INVESTORS in a failed Lancashire run parking scheme are looking to get their money back after the financial regulator agreed to a £25million compensation deal.

Around 4,500 former investors, many of them using life savings, were involved in the controversial Park First scheme, which saw parking spaces near airports sold off at £20,000 a time, with investors promised returns of between eight and 12 per cent.

However they ended up losing thousands of pounds each when the Financial Conduct Authority (FCA) ruled in 2016 that the scheme was illegal and Padiham-base Four Park First companies collapsed into administration three years later, having raised £230 million.

Former investor Donald Walker, who along with several others has been trying to get his money back ever since, said: "The £25million sounds like a lot but then there's a lot of that that's going to a lot of other people.

"I've got debts and bills to pay and they've had the money in the bank for a couple of years now.

"I invested £45,000 and I didn't get a penny out of it, I've been investing all my life and this is the first time this has happened."

He added: "There's a lot of other people who rely on that money they invested.

"All they've got to do is pay the money out."

The FCA has now secured a conditional agreement from chief executive Toby Walker which should see a further £25 million paid compensation to investors, on top of £33 million already secured out of the proceeds of the sale of the car park at Luton airport.

FCA executive director of enforcement and market oversight Mark Stewart said: "The agreement, if approved, represents a better outcome in the proceedings for investors than could have achieved through continued legal action, given the financial position of the parties.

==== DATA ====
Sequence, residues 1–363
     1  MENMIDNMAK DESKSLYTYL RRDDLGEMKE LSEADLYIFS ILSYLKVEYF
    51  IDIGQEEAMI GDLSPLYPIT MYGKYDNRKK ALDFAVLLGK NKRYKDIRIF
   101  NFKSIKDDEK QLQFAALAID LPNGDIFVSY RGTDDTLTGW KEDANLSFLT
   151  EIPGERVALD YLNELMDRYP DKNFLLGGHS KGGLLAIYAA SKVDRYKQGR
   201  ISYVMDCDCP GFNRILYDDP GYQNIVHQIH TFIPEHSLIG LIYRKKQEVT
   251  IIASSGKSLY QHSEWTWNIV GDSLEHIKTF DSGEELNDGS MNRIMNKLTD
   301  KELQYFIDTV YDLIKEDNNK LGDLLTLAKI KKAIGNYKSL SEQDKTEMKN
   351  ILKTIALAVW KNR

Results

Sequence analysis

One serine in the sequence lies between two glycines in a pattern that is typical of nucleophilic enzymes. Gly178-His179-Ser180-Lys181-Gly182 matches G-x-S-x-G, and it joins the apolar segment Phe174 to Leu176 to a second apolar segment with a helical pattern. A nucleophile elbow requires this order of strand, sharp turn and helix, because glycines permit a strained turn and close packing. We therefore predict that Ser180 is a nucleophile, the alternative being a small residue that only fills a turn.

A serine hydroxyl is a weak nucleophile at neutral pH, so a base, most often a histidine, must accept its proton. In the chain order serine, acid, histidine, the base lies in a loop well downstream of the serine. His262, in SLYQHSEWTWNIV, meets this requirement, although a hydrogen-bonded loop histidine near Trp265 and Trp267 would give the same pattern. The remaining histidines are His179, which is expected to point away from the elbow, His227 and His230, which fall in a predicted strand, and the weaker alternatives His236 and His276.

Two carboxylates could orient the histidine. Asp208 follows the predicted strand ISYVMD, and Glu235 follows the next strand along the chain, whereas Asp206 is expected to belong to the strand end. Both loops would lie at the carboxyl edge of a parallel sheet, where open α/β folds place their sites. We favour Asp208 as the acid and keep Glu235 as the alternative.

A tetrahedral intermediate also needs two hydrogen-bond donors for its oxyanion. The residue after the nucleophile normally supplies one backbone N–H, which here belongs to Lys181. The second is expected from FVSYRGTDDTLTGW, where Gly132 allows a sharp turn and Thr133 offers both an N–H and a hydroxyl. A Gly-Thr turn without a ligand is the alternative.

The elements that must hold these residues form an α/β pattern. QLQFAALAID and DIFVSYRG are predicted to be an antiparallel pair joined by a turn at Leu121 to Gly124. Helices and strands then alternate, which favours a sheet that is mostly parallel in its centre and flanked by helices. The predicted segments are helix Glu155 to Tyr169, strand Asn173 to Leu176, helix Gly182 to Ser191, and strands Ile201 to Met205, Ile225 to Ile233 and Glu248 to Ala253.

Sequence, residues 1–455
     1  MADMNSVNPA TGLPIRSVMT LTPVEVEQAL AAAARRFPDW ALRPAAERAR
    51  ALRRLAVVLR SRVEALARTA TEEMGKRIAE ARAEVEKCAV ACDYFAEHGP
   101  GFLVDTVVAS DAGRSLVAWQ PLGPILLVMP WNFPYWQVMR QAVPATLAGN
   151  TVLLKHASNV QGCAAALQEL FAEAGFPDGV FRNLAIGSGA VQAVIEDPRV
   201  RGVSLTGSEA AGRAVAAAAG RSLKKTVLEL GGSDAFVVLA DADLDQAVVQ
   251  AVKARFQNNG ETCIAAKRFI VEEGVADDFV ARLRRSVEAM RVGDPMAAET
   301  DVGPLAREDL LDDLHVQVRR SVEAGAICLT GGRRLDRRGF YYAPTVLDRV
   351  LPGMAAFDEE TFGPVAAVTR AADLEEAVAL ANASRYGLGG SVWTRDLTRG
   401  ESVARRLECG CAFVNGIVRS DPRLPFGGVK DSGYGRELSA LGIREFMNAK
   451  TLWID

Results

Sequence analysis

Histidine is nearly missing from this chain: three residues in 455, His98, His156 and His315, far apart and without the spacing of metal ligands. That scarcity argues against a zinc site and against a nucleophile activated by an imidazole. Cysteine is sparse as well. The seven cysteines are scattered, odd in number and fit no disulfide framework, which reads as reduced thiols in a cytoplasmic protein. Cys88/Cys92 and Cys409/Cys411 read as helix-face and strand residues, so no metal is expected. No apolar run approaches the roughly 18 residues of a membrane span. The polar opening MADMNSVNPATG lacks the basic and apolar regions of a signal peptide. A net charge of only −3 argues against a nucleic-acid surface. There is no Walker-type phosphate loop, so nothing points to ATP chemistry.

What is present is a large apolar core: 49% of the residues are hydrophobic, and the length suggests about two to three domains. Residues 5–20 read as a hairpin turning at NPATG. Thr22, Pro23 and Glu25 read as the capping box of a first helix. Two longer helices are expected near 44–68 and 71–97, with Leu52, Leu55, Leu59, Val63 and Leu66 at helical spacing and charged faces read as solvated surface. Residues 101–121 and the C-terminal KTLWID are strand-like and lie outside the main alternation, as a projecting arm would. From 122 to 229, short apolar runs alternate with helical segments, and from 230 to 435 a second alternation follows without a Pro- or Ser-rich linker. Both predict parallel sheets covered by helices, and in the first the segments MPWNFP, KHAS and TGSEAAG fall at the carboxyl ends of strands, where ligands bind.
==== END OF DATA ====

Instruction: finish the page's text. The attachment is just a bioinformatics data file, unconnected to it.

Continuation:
"It also gives investors the final say on the merits of the conditional agreement."

The full details of the conditional agreement will be voted on by the former investors.

Joint administrator of the companies Emma Thompson said: "Investors and creditors will have the ability to choose whether the CVA proposals are acceptable and, if they are, whether to continue to be invested in the car parking business or to exit their car parking investment.

"I’m acutely aware of investors and creditors frustrations as to the time it has taken to be able to move forward, however, the enhanced returns that they stand to receive mean it was worthwhile."

If the arrangements are approved, the FCA’s proceedings against the defendants will continue with a trial is fixed for hearing in February 2022.

A spokesperson for the firm said: "Group First on behalf of Park First is pleased to confirm that it has reached a conditional settlement with the Financial Conduct Authority (FCA) in full and final settlement of claims that the FCA has brought relating to the operation of car park sites.

"Park First has worked closely with both the FCA and the Administrators of four Park First car parking businesses to put together a package of proposals for the benefit of investors in the car parks.

"These proposals will ensure the contribution of substantial additional funds into the car park businesses through Company Voluntary Arrangements (CVAs).

"The CVAs will also ensure that the car parking businesses are able to continue to operate in a manner that is beneficial for the investors in those schemes.

"The substantial additional contribution of funds and restructuring of the car parking schemes is dependent on the creditors approving the CVA proposals which will be issued to them shortly. Park First will be contributing a total of £58million to investors in the car parking schemes if the CVA proposals are successful.

"Park First is committed and focused on the successful operation of the car parks for the benefit of the investors."